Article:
The United States has formally accused Russia of violating the Intermediate-Range Nuclear Forces Treaty by testing a prohibited ground-launched cruise missile. There are growing calls for the Obama administration to retaliate by backing out of this or other arms-control treaties. Such hasty steps would end up damaging the security of the United States and its allies, rather than enhancing deterrence or punishing Russia.
The United States should instead seek to protect a key arms-control achievement, signed by Presidents Reagan and Gorbachev in 1987, that still helps bring security and stability to Europe. To this end, a proportionate and effective response, which would help deny Russia any benefits from its violation, would be to enhance its capability to detect and track incoming cruise missiles in Eastern Europe.
There are already calls for the United States to start the process of developing its own prohibited missiles or even to withdraw from the INF Treaty. Preventing the treaty’s complete collapse is, however, very much in U.S. interests. The United States has no need for ground-launched cruise and ballistic missiles with ranges of between 300 and 3,400 miles, which are the only weapons that the treaty bans. America already deploys intermediate-range cruise missiles at sea and on planes. Intermediate-range ballistic missiles—should the need for them ever arise—could also be based at sea where they would be much less vulnerable than on land.
Russia, by contrast, has spent a decade grumbling that the INF Treaty denies it access to weapons that it needs for its security. Initially it advocated for “globalizing” the treaty—a clear hint that China was a major factor in its thinking. Although the Bush administration lent this plan rhetorical support, the idea went nowhere, prompting threats from Russia to withdraw. Russia has, however, not acted on this threat—presumably because it believes, probably correctly, that the diplomatic costs of withdrawal would be very high. Neither, according to media reports, has it yet fielded any prohibited missiles.
If the United States were to withdraw from the treaty now—or develop its own prohibited weapons and thus hand Russia the perfect excuse to abrogate—it would be doing Moscow a big favor. With the INF Treaty out of the way, Russia would probably go on to deploy its new cruise missile, causing serious alarm amongst U.S. allies in Europe and possibly in Asia, too.
Recognizing this, some arms-control opponents are instead calling for U.S. retaliation to focus on the New Strategic Arms Reduction Treaty , which was signed by Presidents Obama and Medvedev in 2010. Indeed, Republicans in the House of Representatives will probably try to use Russian actions as (yet another) reason to refuse funding for the treaty’s implementation.
This approach would be equally self-defeating. Moscow could well respond by suspending the implementation of the treaty’s transparency regime, as it threatened to do at the start of the Ukraine crisis. This transparency regime, consisting of inspections and data exchanges, is the most effective means available to the United States to understand and monitor Russia’s ongoing nuclear-modernization program. After all, while Russian intelligence analysts can monitor evolving U.S. nuclear capabilities by reading American newspapers, the Russian press is much less forthcoming.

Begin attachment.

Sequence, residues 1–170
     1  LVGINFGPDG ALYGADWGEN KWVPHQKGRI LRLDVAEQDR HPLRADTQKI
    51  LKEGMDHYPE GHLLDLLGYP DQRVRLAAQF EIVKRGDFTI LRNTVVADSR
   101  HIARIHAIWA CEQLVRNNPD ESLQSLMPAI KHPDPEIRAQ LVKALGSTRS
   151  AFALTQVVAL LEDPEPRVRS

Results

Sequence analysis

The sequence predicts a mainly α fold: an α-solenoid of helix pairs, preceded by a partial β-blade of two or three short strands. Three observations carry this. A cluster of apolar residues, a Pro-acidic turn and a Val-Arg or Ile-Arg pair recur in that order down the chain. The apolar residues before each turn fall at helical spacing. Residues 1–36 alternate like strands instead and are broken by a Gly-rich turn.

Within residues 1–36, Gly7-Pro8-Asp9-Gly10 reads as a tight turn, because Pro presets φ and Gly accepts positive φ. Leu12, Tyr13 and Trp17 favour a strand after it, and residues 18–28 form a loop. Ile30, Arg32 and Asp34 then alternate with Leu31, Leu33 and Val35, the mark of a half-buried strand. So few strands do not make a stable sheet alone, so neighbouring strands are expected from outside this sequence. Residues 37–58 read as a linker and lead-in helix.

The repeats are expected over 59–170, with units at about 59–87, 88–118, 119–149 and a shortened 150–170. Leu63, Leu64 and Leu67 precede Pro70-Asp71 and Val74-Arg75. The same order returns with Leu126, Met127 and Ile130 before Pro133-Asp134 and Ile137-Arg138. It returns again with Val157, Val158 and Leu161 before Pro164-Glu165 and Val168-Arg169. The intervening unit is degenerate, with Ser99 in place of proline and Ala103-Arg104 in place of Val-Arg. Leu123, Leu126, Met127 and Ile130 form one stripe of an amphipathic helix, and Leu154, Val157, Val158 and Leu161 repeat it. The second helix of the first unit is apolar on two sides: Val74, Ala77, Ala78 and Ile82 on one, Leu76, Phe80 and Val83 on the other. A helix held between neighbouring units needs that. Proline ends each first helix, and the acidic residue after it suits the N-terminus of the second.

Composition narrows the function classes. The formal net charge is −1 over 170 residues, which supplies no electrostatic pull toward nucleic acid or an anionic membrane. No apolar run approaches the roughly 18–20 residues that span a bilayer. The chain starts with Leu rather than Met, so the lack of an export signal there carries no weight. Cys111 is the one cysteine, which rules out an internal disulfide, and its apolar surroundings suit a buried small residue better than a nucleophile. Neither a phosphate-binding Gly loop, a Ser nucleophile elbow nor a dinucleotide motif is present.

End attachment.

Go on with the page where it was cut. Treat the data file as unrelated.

New START also helps guard against the possibility that Moscow might initiate a large buildup in its nuclear forces. Russia is currently developing a new intercontinental ballistic missile that can carry a large number of warheads. If deployed, this missile would enable Russia to increase its warhead numbers at a relatively low cost—an option that President Putin might consider, given the precipitous decline in U.S.-Russian relations. Thus, contrary to political logic, rising U.S.-Russian tensions mean that New START has become more—not less—important to U.S. national security.
Instead, the United States should be more strategic and start the process of enhancing its ability to track and intercept cruise missiles in Eastern Europe. By nullifying any advantage that Russia would gain through its noncompliance, this approach would be both more appropriate and more effective than the tit-for-tat playground tactics adopted by the average six-year-old.
The United States is currently developing a new cruise-missile detection system known as JLENS, which consists of tethered airships carrying radars. Although it may sound oddly old-fashioned, it’s a clever idea because airships can be based at a high altitude for prolonged periods and can monitor large areas on a full-time basis. Plans to test this system in Maryland are currently in jeopardy because the House of Representatives is seeking to reduce its funding significantly. This presents the Obama administration with an opportunity.
Washington should now announce revamped plans to conduct the JLENS test in the territory of an Eastern European ally if Russia does not take corrective actions in, say, six months. This step, which Congress would probably support, would clearly demonstrate U.S. resolve to Russia and help reassure U.S. allies in Europe. If Russia ultimately moves from testing prohibited missiles to deployment, then assuming testing goes well, JLENS could be permanently based in Europe along with more air-defense interceptors capable of engaging cruise missiles. Doing so would serve U.S. interests, unlike trashing what is left of the arms control architecture.
James M. Acton is a senior associate in the Nuclear Policy Program at the Carnegie Endowment for International Peace in Washington.
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